Hypatia was a 5th-century female philosopher who was gruesomely attacked by having her flesh stripped off her with oyster shells by a Christian mob that accused her of heresy.

Rebecca Tuvel is a 21st-century female philosopher who was gruesomely attacked by having her article stripped out of the philosophy journal Hypatia by a feminist mob that accused her of heresy.

Hypatia describes itself as "a forum for cutting edge work in feminist philosophy." So Tuvel, and assistant professor of philosophy at Rhodes College in Memphis, submitted an essay titled "In Defense of Transracialism" that compared the experiences of celebrity transgender Caitlyn Jenner to those of former NAACP executive Rachel Dolezal, born white but identifying as black and argued that the two "trans" phenomena should be treated similarly (Jenner has been widely praised but Dolezal widely condemned). Tuvel's article went through an anonymous peer-review process typical of scholarly journals and was ultimately published.

Then, as the Chronicle of Higher Education reports, the oyster shells started flying:

The associate editors of Hypatia, a journal of feminist philosophy, apologized on Facebook this week for the publication of "In Defense of Transracialism," an article by Rebecca Tuvel, that had quickly drawn opprobrium. "Clearly," they wrote, "the article should not have been published."

Critics blasted the article as a product of white and cisgender privilege, said it discounted important scholarly work by transgender and black academics, and accused its author of using harmful language.

Hundreds of scholars signed their names to an open letter calling on the journal to retract the article.

The journal didn’t go that far, but the apology, which came with a pledge to reconsider Hypatia’s review process, still seemed like an extraordinary step.

Prominent among the wielders of bivalve carapaces was Nora Berenstain, an assistant professor of philosophy who accused Tuvel of engaging in "discursive transmisogynistic violence" in a Facebook entry since deleted but preserved by American Conservative columnis Rod Dreher. Here's a quotation:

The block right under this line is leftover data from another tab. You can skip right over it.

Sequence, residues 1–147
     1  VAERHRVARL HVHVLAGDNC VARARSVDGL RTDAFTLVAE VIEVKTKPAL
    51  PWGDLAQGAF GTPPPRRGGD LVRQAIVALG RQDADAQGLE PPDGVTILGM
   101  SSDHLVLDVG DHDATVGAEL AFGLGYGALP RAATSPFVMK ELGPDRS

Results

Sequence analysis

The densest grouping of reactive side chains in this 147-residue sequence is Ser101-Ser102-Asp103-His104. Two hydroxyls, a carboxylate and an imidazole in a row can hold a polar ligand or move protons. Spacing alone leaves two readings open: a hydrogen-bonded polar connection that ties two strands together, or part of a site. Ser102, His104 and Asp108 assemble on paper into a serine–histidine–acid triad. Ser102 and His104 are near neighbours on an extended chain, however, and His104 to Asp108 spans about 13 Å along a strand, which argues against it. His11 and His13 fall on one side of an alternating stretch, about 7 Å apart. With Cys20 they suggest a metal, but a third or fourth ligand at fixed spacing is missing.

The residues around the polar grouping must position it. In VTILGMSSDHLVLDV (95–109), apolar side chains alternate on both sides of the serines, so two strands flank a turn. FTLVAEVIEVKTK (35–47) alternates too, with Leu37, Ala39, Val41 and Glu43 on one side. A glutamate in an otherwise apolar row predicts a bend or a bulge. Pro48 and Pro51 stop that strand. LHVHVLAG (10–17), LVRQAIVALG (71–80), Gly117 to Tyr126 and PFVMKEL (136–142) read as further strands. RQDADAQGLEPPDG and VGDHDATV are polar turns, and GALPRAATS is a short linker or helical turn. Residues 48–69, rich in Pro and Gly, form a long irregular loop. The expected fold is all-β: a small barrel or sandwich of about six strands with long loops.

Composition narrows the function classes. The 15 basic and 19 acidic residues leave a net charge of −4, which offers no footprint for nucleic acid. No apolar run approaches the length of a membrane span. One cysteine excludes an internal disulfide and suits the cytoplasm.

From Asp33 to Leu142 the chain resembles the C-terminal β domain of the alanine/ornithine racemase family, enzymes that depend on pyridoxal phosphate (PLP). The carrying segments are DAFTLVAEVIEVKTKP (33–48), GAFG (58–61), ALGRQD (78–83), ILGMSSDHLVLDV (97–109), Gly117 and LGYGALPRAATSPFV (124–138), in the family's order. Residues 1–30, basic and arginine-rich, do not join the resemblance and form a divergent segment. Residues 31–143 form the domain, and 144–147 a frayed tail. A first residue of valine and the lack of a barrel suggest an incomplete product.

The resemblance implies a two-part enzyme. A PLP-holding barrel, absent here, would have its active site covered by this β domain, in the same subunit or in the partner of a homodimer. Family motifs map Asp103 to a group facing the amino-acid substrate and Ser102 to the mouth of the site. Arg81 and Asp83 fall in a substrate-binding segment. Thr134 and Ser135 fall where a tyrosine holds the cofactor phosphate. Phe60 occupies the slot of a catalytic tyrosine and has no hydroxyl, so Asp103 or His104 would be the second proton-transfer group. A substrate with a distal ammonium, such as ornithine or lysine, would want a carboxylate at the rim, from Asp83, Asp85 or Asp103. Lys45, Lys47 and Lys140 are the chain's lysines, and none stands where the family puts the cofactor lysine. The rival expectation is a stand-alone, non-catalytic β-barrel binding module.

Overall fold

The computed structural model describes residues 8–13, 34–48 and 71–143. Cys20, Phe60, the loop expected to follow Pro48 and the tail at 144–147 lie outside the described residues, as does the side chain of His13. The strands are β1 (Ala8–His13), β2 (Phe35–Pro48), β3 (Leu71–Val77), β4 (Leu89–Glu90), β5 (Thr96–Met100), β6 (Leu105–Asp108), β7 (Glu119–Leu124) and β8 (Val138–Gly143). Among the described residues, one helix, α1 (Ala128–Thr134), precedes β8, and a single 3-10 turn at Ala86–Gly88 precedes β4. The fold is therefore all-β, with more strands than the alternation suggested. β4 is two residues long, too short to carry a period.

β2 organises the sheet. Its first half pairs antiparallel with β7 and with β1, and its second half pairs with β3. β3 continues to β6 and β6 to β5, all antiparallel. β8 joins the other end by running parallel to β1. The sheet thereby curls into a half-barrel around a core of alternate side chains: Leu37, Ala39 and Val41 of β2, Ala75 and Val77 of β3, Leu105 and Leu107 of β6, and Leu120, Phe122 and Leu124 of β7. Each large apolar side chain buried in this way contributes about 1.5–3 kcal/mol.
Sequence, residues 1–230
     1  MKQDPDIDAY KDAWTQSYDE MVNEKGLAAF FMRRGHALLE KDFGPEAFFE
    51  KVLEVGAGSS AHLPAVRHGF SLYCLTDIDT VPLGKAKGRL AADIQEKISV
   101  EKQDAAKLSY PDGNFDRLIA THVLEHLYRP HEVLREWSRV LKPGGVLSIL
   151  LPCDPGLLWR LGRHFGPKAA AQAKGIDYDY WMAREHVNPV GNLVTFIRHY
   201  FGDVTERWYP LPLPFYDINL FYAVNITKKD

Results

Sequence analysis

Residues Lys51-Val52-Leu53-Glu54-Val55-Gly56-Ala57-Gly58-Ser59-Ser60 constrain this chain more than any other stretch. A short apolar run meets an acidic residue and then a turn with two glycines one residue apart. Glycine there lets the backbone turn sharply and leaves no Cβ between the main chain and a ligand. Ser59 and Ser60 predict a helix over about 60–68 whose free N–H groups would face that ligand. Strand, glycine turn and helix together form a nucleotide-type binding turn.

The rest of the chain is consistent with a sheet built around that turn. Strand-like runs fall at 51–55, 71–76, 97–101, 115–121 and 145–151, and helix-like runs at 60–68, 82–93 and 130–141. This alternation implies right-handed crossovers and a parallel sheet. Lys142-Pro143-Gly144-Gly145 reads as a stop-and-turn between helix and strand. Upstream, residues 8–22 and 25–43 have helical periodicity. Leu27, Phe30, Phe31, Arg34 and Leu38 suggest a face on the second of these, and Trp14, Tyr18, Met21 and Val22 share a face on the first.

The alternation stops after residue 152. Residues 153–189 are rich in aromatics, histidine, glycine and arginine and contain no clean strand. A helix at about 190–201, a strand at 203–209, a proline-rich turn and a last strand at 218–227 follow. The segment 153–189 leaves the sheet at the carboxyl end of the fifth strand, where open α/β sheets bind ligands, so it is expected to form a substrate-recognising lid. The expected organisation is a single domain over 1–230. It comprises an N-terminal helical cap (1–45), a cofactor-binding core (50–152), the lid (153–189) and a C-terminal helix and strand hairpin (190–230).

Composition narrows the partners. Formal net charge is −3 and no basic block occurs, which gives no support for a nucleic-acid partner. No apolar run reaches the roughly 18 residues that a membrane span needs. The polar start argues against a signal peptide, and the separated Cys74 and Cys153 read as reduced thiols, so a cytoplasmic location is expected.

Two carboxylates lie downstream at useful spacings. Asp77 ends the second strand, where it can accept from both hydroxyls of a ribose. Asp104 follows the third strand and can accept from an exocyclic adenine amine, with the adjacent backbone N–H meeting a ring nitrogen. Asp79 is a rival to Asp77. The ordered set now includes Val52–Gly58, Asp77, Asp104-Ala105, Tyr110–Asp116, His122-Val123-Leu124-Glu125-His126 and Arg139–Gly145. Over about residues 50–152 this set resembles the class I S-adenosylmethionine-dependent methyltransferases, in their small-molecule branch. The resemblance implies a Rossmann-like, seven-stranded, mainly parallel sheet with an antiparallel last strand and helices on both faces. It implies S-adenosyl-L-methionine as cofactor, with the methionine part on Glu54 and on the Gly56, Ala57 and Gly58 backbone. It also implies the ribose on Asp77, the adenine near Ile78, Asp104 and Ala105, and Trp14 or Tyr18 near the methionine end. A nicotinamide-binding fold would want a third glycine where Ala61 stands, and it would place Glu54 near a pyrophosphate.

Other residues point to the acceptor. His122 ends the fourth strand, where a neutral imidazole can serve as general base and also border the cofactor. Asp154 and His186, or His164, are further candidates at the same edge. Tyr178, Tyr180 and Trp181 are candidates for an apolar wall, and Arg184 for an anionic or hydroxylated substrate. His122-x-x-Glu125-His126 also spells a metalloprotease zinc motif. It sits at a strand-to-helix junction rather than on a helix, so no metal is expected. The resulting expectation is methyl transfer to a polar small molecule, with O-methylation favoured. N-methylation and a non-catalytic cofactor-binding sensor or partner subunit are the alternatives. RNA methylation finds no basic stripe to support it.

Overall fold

Tuvel enacts violence and perpetuates harm in numerous ways throughout her essay. She deadnames a trans woman. She uses the term “transgenderism.” She talks about “biological sex” and uses phrases like “male genitalia.” She focuses enormously on surgery, which promotes the objectification of trans bodies. She refers to “a male-to- female (mtf) trans individual who could return to male privilege,” promoting the harmful transmisogynistic ideology that trans women have (at some point had) male privilege. In her discussion of “transracialism,” Tuvel doesn’t cite a single woman of color philosopher, nor does she substantively engage with any work by Black women, nor does she cite or engage with the work of any Black trans women who have written on this topic.

"Deadnaming," by the way, is the practice of failing to pretend, as is now required, that a transgender person ever had a name or identity belonging to the opposite sex. For example, we are now obliged to pretend that there was never a "Bruce Jenner" and that Caitlyn Jenner sneaked into the men's division of the 1976 Olympics and won the gold medal for the decathlon.

In addition, 130 academics have signed an "open letter" to Hypatia demanding that Tuvel's article be retracted.

The good news is that Hypatia's editor, Sally Scholz, a philosophy professor at Villanova, is standing by the article and–at least-so far–refusing to disavow it. So is Tuvel herself–although she has issued an apology for "deadnaming" Jenner, who did get referred to as "Bruce" at one point.